Decreased cognitive functioning after electroconvulsive therapy is related to increased hippocampal volume: Exploring the role of brain plasticity

Iris van Oostrom*, Philip van Eijndhoven, E. Butterbrod, Maria H van Beek, Joost Janzing, Rogier Donders, Aart Schene, Indira Tendolkar

*Corresponding author for this work

Research output: Contribution to journalArticleScientificpeer-review

42 Citations (Scopus)



Electroconvulsive therapy (ECT) is still the most effective treatment of severe and therapy-refractory major depressive disorder. Cognitive side effects are the major disadvantage of ECT. Cognitive deficits are generally temporary in nature and may be mediated by the hippocampus. Recent studies have shown a temporary increase in hippocampal volume and a temporary decrease in cognitive functioning post-ECT compared with pre-ECT. This study investigates whether these volumetric changes are related to changes in cognitive functioning after ECT.


Nineteen medication-free patients with treatment-resistant major depressive disorder underwent a whole-brain magnetic resonance imaging scan and a neuropsychological examination (including the Rey auditory verbal learning task, Wechsler Memory Scale Visual Reproduction, fluency, Trail Making Task) within 1 week before and within 1 week after the course of ECT. Electroconvulsive therapy was administered twice a week bitemporally with a brief pulse. A matched healthy control group (n = 18) received the same neuropsychological examination and at a similar interval to that of the patients.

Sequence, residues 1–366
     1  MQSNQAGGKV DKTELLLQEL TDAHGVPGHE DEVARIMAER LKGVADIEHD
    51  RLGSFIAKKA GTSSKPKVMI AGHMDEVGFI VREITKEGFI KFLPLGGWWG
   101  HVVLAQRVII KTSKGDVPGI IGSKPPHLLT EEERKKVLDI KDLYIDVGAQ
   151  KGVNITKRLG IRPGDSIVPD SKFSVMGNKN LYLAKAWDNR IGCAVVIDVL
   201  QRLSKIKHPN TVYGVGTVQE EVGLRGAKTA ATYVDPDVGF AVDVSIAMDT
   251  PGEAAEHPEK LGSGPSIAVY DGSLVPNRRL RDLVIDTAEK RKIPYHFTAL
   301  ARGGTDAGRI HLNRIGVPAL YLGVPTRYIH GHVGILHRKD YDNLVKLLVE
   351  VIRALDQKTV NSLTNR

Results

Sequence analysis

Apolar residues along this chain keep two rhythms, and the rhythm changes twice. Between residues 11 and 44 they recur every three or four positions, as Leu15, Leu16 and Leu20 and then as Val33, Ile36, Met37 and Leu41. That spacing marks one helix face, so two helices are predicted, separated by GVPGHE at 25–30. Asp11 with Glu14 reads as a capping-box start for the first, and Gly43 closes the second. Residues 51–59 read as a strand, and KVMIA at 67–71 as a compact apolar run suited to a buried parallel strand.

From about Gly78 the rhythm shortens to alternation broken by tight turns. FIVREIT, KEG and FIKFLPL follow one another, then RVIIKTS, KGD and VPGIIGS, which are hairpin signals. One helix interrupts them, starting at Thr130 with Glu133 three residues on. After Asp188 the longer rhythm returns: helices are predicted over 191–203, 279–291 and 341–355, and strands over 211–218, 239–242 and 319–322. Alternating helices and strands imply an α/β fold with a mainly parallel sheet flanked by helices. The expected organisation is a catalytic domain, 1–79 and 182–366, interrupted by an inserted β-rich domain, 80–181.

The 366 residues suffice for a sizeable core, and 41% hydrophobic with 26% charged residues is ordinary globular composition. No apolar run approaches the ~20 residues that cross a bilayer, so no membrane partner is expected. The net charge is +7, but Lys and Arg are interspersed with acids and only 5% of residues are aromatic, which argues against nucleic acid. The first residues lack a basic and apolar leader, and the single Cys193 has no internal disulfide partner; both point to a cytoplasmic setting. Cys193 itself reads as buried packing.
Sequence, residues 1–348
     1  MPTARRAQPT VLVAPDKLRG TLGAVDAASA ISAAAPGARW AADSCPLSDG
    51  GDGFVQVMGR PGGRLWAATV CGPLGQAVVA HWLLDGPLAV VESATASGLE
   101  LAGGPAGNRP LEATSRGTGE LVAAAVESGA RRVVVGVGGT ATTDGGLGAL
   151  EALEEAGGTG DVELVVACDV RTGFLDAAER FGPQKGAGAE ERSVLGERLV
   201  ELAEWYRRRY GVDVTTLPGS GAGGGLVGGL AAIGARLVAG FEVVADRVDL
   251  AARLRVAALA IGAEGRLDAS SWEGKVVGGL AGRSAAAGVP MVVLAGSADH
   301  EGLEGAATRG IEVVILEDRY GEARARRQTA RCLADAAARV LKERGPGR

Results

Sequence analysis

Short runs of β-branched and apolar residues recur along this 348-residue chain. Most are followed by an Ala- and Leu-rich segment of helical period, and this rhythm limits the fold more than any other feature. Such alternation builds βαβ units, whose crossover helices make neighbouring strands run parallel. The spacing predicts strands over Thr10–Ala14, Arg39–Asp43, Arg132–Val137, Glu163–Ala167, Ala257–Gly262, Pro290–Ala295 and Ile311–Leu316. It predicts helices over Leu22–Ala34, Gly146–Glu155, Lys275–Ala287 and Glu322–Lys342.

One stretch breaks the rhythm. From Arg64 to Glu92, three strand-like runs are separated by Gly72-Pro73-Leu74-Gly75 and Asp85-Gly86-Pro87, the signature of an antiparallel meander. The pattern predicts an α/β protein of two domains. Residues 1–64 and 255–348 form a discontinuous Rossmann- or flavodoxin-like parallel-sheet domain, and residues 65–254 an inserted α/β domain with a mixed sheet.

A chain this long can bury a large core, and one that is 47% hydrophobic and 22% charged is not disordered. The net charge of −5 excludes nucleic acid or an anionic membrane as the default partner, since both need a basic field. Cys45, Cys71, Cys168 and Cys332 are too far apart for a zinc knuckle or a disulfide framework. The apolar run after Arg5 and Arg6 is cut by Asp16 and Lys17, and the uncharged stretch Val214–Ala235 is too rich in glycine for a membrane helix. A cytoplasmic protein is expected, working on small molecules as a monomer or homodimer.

Hippocampal volumes increased significantly from pretreatment to posttreatment in patients. Mean performance on cognitive tasks declined, or remained stable, whereas performance in controls generally improved because of retesting effects. The increase in hippocampal volume was related to changes in cognitive performance, indicating that this increase co-occurred with a decrease in cognitive functioning.


Our findings tentatively suggest that the temporal increase in hippocampal volume after treatment, which may result from neurotrophic processes and is thought to be crucial for the antidepressive effect, is also related to the temporary cognitive side effects of ECT.

Original languageEnglish
Pages (from-to)117–123
JournalThe Journal of ECT
Issue number2
Publication statusPublished - 2018


  • Adult
  • Cognition
  • Cognition Disorders/etiology
  • Depressive Disorder, Treatment-Resistant/therapy
  • Electroconvulsive Therapy/adverse effects
  • Female
  • Hippocampus/diagnostic imaging
  • Humans
  • Longitudinal Studies
  • Magnetic Resonance Imaging/methods
  • Male
  • Middle Aged
  • Neuronal Plasticity/physiology
  • Neuropsychological Tests
  • Prospective Studies
  • Psychiatric Status Rating Scales
  • Treatment Outcome


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